While the biggest ongoing story of 2020 in the Ridgewood area promises to be the development of the Cooper Avenue homeless shelter in Glendale, that development is not the only project in town.
Queens Community District 5 — encompassing Glendale, Maspeth, Middle Village and Ridgewood — can expect three large residential developments in addition to three extensive sewer improvement projects in the year ahead.
First, an update on the oldest of the area’s large-scale residential developments: construction of the Ridgewood Tower Development has stalled. The holding company of AB Capstone filed revised plans for the site on Jan. 31 of last year for a 17-story structure residential building at the corner of St. Nicholas Avenue and Palmetto Street that will include 138 apartments.
Over the past year the excavation of the site has continued, but the developer recently hit a roadblock, according to Ted Renz, the executive director of the Myrtle Avenue BID.
“On the corner of what used to be Woodbine and Myrtle. And there’s two retailers — there was a sushi store and a discount store that have not left the premises, so they cannot demolish the rest of the structures to continue to project,” said Renz.
The next phases of the project’s construction reportedly hinge on the negotiation between the residential project and the two retailers.
Next up is the neighborhood’s most tense development of the past year. When Avery Hall Investments held an informational community forum on a tentative rezoning of 1590 Gates Ave. in June, they ended up a full-blown protest by the Ridgewood Tenants Union on their hands. According to a rep from the office of Councilman Antonio Reynoso, AHI has since gone ahead with the as-of-right luxury project instead of attempting a rezoning.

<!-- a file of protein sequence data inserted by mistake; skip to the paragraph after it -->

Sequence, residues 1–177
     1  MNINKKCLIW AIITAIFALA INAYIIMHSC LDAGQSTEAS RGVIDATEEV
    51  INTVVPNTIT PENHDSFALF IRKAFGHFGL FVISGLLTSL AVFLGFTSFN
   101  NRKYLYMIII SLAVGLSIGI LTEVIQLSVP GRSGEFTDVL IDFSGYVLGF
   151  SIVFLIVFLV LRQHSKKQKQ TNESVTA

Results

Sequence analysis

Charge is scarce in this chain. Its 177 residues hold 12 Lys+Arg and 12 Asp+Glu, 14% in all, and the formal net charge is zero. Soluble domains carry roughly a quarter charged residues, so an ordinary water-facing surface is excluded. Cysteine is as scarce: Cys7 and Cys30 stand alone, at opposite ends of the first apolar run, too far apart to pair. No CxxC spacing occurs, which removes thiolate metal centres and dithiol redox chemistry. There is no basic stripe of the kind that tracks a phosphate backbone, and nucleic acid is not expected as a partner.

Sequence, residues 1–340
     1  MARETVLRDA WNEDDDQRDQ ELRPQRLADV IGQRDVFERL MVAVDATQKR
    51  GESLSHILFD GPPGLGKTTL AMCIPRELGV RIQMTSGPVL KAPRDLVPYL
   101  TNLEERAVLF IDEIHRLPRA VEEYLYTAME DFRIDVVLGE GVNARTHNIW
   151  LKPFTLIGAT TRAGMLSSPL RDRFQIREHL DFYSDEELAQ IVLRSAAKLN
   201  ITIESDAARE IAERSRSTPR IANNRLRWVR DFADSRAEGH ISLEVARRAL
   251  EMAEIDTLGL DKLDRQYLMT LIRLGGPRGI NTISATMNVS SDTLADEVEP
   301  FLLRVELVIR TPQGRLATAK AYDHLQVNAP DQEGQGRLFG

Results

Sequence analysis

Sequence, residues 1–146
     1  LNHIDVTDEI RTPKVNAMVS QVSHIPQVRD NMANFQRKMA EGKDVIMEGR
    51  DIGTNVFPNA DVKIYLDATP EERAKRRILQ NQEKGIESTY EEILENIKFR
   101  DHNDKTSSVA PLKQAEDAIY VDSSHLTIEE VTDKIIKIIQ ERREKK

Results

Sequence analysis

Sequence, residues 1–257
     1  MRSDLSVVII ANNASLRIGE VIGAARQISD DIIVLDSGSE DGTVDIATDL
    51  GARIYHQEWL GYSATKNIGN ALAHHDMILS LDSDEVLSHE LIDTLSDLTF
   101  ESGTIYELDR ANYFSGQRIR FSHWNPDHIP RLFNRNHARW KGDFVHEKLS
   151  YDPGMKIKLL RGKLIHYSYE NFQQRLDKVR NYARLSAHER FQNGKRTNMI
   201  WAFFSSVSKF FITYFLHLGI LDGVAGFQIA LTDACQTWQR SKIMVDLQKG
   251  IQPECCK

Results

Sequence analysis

The other big expected development is located in a trio properties at 56-40/56-42 Myrtle Ave. and 17-11 Hancock St. that recently sold for $9.3 million. Renz predicted that building as-of-right on the property would result in seven to eight stories of residential development.
In addition to the residential development, District Manager Gary Giordano outlined the ambitious sewer plans that the district has in store.
First Giordano said that he expects the completion of a large water main project at Penelope Avenue and 74th Street sewer and to head toward completion in the spring. Portions of Penelope Avenue in Middle Village started closure last January.
The infrastructure improvements have been a long time coming. The improvements go back to goes back to Aug. 8, 2007, with the city’s response to a powerful storm that battered Ridgewood with 4.5 inches of rain in an hour, flooded the neighborhood and crippled New York City subways, Giordano said.
There’s also a sewer project that is supposed to begin in 2020 as a continuation of the Penelope Avenue project that would continue along Juniper Boulevard South from 74th street to 71st street. The plan is to install 96-inch sewer line in that stretch.
“I mean you could drive your car through there,” said Giordano.
The final upcoming sewer project involves the installation of new sewer lines along 69th street from Calamus Avenue to Queens Boulevard.
Besides the sewer improvements, Giordano also mentioned that the running track and soccer and football field at the west end of Juniper Valley Park will be undergoing reconstruction.
The deteriorated track and turf of the field will be replaced sometime in the next year.